Growing up as he did in the late medieval world, where everything stood for many things—a rose was never just a rose—it was Jesus, or Mary, or love or eternity—some scholars say that he broke that apart by using synecdoche. So if you are at the Lord’s table, you don’t need to have all of him, you get all of him in the small crumb you receive in the ceremony. You could not take all of Christ into yourself, in any case, so just this small crumb gives you the whole thing. This is a comfort to me. God went to every length to make sure that I could be in relationship with him, fully, by his incarnation, and then by the means he gives us to receive him in our daily lives here on earth. A crumb will do for today. All you need and all you can bear. It is a gentle thing, actually.
We know this well in our daily lives with family. While we want to be fully and completely with our children and family, we can’t really be. There are many things pulling us away, some that are necessary and some that are not. But when we are with the little one who needs us, we want to be with him or her completely, with no reservations, so they feel we are for them.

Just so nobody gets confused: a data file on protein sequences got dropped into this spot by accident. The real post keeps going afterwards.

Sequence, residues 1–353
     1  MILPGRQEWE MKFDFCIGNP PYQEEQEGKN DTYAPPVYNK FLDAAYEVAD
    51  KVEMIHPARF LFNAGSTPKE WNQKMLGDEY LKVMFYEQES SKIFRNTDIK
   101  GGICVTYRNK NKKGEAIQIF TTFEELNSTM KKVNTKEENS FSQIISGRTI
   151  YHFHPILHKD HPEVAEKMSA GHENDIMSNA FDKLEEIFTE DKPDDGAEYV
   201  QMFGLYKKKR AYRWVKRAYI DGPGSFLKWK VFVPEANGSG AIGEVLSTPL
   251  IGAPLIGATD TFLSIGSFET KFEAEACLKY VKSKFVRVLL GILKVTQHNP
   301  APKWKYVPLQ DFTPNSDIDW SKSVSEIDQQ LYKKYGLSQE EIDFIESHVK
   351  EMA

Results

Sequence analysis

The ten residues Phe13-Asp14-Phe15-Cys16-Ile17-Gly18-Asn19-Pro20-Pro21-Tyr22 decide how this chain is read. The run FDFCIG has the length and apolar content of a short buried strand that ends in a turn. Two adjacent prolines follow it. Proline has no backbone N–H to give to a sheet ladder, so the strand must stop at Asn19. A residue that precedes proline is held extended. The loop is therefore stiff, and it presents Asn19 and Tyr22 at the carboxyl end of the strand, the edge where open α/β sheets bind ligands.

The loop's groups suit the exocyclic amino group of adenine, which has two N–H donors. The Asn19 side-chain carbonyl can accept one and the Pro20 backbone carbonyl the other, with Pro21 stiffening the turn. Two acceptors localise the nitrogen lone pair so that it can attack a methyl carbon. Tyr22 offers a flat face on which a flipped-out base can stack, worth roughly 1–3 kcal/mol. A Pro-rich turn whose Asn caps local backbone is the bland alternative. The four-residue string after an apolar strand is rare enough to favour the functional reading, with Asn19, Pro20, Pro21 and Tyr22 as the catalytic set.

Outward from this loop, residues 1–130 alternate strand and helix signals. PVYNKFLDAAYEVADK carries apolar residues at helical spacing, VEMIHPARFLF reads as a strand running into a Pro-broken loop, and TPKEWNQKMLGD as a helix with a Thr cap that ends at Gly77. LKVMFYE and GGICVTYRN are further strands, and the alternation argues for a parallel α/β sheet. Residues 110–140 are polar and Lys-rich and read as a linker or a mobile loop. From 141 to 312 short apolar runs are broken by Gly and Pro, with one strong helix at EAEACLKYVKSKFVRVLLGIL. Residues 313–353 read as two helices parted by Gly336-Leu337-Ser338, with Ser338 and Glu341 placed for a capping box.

So the heavenly father works to make us one with him. He gives means—words, water, bread and wine so we can receive him fully in those means, fragile and weak as they seem. To think that God Almighty is entirely in that crumb is one of the mysteries of our faith. What a blessing!